I'm always try to be uber-conservative when looking at stocks in terms of their liquidation values.  The #1 factor for me is the amount of straight cash that a company has on its books.  Given the fact that IMN supposedly has $250 mil, it does very well in that category.  This information can be found on the "cash and cash equivalents" line of the balance sheet.

The other types of "current assets" are a little trickier to evaluate.  One really never knows how likely the company is to ever receive the money that is listed under "net receivables," so I usually apply a huge haircut to it.  

I usually apply a huge discount to inventory as well, unless I have a very good idea of what it is and how much it would be worth on the open market.  With Imation, I don't have a solid handle on that.  For all I know its inventory could be a warehouse full of floppy disks.  There's some value there, but I again would assign a huge discount to it.

The last category under "net receivables," ""other current assets" is so vague that I usually ignore it completely.

Again, this is a fairly conservative way at looking at a company's potential liquidation value.  I definitely would add something for "property, plant, and equipment" to the "current assets."  How much is the question.  Again I would apply only a percentage of what the company lists as its value for its hard assets unless I had an excellent grasp of what they are.

Most of this is self-taught through lots of reading.  I'm sure that there's other ways to look at company's liquidation values...but I like to be as conservative as possible. 

Deej 

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#4) On August 03, 2010 at 6:34 PM, truthisntstupid (81.04) wrote:

All these uncertainties are why I believe "valuation"  is overrated for evaluating an investment.  For example, "inventory."  The value shown on the balance sheet can't simply be taken as is.  You'd better find out what inventory valuation method the company is using.  FIFO?  LIFO?  What is their inventory valuation method?  Why did they choose to do it that way?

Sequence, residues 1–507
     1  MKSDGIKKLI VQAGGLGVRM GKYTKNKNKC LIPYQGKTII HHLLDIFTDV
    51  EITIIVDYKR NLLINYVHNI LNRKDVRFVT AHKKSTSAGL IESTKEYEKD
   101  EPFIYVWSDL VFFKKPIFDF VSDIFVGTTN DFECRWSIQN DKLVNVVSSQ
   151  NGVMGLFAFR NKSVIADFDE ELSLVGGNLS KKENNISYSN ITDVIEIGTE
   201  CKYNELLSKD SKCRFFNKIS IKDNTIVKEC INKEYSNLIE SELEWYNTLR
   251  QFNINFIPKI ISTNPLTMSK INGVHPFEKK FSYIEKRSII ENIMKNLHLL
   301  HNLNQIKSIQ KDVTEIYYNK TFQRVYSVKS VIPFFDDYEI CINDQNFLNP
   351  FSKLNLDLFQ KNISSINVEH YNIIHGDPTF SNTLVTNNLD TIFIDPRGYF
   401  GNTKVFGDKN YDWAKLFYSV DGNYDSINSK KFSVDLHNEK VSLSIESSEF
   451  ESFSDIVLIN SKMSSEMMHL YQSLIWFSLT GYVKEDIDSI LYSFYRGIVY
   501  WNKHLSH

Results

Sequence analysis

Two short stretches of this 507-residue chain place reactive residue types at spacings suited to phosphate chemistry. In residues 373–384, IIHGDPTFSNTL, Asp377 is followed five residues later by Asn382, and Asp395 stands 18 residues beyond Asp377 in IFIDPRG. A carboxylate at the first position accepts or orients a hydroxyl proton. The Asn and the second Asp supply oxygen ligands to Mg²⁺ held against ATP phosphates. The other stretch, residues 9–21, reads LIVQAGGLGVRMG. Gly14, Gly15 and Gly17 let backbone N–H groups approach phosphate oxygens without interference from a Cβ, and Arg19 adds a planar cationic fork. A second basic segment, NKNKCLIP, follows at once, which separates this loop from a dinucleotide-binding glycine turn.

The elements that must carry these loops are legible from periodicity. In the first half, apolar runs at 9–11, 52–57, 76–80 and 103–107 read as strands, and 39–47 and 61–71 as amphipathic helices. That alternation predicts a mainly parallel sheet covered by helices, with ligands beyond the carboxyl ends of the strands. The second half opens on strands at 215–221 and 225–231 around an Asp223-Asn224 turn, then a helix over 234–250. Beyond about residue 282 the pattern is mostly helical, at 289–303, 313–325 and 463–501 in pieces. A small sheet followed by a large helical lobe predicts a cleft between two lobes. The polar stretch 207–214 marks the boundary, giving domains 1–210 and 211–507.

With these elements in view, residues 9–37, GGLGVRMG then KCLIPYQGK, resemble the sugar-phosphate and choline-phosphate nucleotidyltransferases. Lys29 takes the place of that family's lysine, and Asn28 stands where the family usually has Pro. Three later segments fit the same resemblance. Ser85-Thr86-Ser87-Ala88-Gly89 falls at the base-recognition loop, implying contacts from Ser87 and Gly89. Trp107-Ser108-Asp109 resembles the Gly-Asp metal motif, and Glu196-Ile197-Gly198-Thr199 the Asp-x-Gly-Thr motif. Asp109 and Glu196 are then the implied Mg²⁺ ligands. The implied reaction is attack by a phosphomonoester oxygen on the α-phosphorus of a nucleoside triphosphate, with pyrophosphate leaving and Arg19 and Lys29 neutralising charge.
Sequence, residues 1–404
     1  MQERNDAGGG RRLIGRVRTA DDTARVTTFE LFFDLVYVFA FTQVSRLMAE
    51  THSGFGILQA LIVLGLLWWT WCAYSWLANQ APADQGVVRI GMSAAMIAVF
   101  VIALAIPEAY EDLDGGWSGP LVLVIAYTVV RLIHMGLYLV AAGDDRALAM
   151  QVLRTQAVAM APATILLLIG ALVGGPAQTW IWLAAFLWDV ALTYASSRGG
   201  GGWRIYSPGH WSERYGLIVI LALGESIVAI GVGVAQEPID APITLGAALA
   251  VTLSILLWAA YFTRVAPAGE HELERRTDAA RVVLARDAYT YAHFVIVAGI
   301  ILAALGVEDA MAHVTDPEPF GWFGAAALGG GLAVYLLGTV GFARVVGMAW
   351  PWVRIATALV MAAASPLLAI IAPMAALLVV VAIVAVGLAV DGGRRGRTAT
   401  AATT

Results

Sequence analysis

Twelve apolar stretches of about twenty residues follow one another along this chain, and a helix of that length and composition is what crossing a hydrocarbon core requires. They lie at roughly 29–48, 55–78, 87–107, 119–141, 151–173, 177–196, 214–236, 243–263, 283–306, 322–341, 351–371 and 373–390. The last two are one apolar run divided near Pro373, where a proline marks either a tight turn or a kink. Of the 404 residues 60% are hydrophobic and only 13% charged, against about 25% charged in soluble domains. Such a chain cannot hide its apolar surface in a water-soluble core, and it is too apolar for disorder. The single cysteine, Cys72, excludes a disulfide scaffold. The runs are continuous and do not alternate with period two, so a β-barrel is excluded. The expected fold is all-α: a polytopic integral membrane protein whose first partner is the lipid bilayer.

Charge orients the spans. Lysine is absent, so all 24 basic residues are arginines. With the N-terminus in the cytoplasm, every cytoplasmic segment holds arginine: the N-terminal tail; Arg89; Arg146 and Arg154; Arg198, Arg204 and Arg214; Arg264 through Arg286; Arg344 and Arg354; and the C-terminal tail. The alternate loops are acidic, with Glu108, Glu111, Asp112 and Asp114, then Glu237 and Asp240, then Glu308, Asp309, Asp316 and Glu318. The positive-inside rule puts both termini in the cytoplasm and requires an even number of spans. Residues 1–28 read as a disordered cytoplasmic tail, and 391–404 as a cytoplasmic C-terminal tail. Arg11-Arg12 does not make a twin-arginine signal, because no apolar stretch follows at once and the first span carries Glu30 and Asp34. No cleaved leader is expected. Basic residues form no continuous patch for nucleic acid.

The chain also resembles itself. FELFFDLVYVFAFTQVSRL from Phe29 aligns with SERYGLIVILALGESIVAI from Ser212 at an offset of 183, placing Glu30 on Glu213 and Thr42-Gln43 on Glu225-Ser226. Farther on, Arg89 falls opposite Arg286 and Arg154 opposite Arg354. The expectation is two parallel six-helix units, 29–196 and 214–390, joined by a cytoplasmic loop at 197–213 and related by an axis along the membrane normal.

If they're using LIFO (Last In First Out) what if a significant part of the number you're seeing really is a lot of old, obsolete, inventory that no longer has much if any real value?

If they're using FIFO during a period of rising costs, how much is this causing their cost of goods sold to be understated?  Are they choosing one or the other to minimize their tax liability or to make help make their earnings look better? 

With the staggerring variety of choices a company has regarding inventory valuation methods, revenue recognition methods, depreciation methods, etc, I don't try to value a company.  There are whole books on financial shenanigans companies have pulled. Earnings and values may be either overstated or understated any number of ways.

And most of us have limited time and knowledge to ferret them out. 

This is from The Money Game by 'Adam Smith':

(Interestingly, I don't think anyone knows who 'Adam Smith'  is)

   It really ought to be easy.  You pick up the paper, and Zilch Consolidated says its net profit for the year just ended was $1m or $1 a share. When Zilch Consolidated puts out its annual report, the report will say the company earned $1M or $1 a share.  The report will be signed by an accounting firm, which says that it has examined the records of Zilch and "in our opinion, the accompanying balance sheet and statement of income and retained earnings present fairly the financial position of Zilch.  Our examination of these statements was made in accordance generally accepted accounting principles.

The last four words are the key. The translation of "generally accepted accounting principles" is "Zilch could have earned anywhere from fifty cents to $1.25 a share.  If you will look at our notes 1 through sixteen in the back, you will see that Zilch's earnings can be played like a guitar, depending on what we count or don't count.  We picked $1.  That is consistent with what other accountants are doing this year.  We'll let next year take care of itself."